The district court did not interpret “short seal” to have customary and ordinary meaning. Rather, determining that Poly-America had limited the meaning of “short seal,” the district court construed “short seal” to mean “a seal for securing the elastic drawstring, which seal is located adjacent to a side seal, and that is not substantially aligned with the side seal, but extends inwardly from the interior edge of the side seal.” The Federal Circuit affirmed this construction as correct.
The Federal Circuit reviewed the intrinsic evidence and noted several indications that supported the construction. Specifically, the Federal Circuit noted:
- The specification distinguished the prior art on the basis of extended short seals. The specification explained that prior art trash bags did not have extended short seals, and the use of extended short seals is an improvement upon prior art trash bags.
- The specification characterized “the present invention” as having extended short seals. The “Summary of the Invention” section states that: “[E]mbodiments of the elastic drawstring bag contemplated by the present invention have an upper opening with a width that is less than 97% of the width of the rest of the bag (by virtue of the extended short seals).” Moreover, col. 6, lines 11-15 of the ’308 Patent states that: “it is important to note that one of the characteristics of the present invention is a reduction in the upper width 152 (when the bag is in a relaxed state) of the bag 100 resulting from the extended short seals 120.”
- All drawings of the short seal show the short seal extending inwardly from the interior edge of the side seal, except the drawing labeled as prior art.
- All descriptions of the disclosed short seal state that it reduces the upper width of the bag relative to the width of the bag.
- Lastly, the patentee relied on the extended short seal to obtain the ’308 Patent. The patentee argued in prosecution that the independent claims all require an opening width that is less than the width of the bag, and the cited prior art did not have such a feature. The Examiner allowed the application based on this feature of the claims.
In short, the patent specification and prosecution history of the ’308 Patent were all consistent in characterizing the extended short seal as a significant feature of the patent.
The Federal Circuit saw nothing to indicate that the patented claims could have non-extended short seals, and quickly dismissed Poly-America’s arguments against the construction. For example, Poly-America argued that independent claim 10 did not include any dimensional language, so construing claim 10 to include a dimensional limitation improperly imports a limitation of the specification into the claim. The Federal Circuit rejected this argument because all drawings and descriptions of Poly-America’s short seal had short seal extending inwardly from the side seal, so the court was not limiting the short seal of claim 10 to one alternative over another; that is, no other alternatives were disclosed for the short seal. Poly-America also argued that adopting the district court’s construction of “short seal” would result in claims 10 and 13 being redundant, and this indicated that the construction was incorrect. But the court determined that claims 10 and 13 were not redundant under the district court’s construction and rejected this argument.
Notably, Poly-America never argued that it invented non-extended short seals. Presumably, Poly-America could not make this argument because the intrinsic evidence showed that non-extended short seals existed in the prior art. Thus, Poly-America’s suit looked like an effort to extend the ’308 Patent’s coverage to the prior art, and this may have contributed to the claim construction and outcome here.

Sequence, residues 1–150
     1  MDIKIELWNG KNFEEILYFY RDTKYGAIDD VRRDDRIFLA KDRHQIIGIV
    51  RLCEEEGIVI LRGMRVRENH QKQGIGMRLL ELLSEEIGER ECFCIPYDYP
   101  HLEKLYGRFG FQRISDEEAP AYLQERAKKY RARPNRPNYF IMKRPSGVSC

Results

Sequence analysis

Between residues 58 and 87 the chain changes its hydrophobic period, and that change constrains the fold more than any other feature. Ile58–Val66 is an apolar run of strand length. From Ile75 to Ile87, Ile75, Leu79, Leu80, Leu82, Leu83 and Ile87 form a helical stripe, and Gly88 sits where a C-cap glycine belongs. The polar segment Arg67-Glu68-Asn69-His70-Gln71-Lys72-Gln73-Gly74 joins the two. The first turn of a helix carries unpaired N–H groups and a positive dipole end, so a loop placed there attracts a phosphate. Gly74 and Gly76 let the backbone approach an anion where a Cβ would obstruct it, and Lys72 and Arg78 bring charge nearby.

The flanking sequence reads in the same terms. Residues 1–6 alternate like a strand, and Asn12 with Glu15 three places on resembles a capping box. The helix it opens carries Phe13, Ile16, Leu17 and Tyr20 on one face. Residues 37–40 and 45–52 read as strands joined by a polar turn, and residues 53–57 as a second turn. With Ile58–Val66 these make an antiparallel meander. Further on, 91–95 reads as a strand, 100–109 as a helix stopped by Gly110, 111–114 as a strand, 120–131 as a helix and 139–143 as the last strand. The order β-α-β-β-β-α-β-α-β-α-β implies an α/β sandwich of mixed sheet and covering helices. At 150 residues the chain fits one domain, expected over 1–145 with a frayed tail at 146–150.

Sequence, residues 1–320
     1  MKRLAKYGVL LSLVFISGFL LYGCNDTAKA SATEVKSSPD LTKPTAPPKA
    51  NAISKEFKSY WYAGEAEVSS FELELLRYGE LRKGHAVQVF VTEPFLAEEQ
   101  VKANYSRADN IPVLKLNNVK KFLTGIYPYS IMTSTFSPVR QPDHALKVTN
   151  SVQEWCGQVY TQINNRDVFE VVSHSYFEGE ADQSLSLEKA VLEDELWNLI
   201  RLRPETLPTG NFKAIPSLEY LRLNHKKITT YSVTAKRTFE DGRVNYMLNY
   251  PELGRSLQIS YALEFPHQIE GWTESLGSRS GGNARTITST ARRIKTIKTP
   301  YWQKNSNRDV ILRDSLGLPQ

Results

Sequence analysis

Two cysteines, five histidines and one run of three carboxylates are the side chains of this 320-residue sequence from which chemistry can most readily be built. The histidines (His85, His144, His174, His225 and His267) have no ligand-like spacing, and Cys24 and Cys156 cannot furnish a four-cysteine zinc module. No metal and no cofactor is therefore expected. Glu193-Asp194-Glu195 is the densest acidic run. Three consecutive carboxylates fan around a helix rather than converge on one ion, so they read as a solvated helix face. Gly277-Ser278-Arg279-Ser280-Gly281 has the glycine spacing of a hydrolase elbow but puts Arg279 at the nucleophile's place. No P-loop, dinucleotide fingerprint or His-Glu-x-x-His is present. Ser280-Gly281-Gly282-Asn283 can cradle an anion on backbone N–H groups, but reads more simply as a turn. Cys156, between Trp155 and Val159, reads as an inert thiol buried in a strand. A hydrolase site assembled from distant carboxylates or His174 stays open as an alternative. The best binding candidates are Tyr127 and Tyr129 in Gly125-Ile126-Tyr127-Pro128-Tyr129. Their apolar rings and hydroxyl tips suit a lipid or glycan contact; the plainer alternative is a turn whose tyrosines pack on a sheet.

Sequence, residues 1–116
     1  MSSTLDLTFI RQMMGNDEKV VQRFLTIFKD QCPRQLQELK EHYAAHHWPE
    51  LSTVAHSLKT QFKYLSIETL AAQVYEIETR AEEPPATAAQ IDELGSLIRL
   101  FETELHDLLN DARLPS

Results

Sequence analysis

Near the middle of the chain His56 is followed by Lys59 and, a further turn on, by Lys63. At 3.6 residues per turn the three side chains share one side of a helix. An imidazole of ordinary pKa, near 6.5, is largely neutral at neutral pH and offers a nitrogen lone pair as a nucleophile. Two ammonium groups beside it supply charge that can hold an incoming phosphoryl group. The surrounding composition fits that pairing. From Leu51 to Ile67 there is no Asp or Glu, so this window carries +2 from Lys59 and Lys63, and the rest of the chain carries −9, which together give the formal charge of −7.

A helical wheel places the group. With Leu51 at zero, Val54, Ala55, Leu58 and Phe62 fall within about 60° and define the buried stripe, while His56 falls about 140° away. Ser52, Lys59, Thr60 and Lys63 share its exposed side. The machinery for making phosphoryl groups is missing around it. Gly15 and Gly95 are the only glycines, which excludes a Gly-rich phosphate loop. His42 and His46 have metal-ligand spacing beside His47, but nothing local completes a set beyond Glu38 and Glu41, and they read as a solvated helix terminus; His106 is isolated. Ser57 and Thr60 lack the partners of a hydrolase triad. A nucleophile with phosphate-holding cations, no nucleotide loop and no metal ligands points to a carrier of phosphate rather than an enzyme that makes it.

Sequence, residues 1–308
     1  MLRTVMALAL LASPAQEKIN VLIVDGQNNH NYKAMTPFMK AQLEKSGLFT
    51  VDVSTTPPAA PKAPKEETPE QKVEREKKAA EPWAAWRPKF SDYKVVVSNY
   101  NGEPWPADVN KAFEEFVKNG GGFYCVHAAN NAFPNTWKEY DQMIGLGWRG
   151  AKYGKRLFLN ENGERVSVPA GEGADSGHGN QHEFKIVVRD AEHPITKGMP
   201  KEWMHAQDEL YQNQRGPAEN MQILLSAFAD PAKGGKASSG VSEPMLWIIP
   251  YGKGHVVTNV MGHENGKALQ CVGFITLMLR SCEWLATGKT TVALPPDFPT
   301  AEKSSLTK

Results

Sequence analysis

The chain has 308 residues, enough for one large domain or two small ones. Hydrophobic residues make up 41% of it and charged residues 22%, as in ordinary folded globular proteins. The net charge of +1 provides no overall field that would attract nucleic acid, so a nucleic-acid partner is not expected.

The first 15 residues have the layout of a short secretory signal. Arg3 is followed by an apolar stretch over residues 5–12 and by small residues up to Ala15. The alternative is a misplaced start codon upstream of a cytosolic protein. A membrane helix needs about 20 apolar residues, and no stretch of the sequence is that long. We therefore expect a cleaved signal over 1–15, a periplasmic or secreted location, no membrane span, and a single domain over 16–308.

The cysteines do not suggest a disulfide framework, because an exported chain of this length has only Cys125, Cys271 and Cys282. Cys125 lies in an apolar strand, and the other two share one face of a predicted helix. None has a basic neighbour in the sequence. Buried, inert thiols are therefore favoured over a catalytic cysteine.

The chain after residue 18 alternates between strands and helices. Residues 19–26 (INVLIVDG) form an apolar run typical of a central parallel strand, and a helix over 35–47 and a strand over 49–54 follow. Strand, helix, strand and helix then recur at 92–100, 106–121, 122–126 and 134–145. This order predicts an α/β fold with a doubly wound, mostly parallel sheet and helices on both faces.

Poly-America was not accorded the scope it sought for claim 10 of its ’308 Patent in large part because of the patent specification, as explained above. Consideration of claim scope begins with patent application drafting, and several lessons or reminders from this case are worth noting regarding protection of claim scope in patent application drafting.
If it is necessary to characterize the prior art in the specification, it should be done generally and briefly. And if there is discussion about perceived problems with the prior art, care should be taken to not tie that discussion to any part of the claimed solution. As shown by this case, the ’308 Patent’s focused discussion of the prior art gave API ammunition to frame the claim construction debate in its favor.
In the drawings, if a figure applies to the prior art but also applies to certain embodiments in the patent application, the figure should not be labeled as prior art. Consider not having any drawings that illustrate only the prior art.
In the specification, rather than using the phrase “the present invention” or the like, consider instead using phrases such as “the present disclosure” or “the disclosed technology.” As shown by this case, statements about “the present invention” carry a great deal of weight in claim construction.
In the drawings and the specification, consider illustrating and describing different embodiments of the most significant features. In this case, the court rejected Poly-America’s argument that limitations were imported into the claim because all embodiments showed the same type of short seal.
In the claims, consider expressly reciting aspects of the most significant features that may not be evident, such as relationships between different claim elements. Relying on claim differentiation principle is not a sure bet, as shown by this case.
A patent is by no means an inexpensive endeavor, but it is one than can pay off if claim scope is appropriately protected. More care and investment in the patent application drafting process can go a long way to realizing a patent’s full value.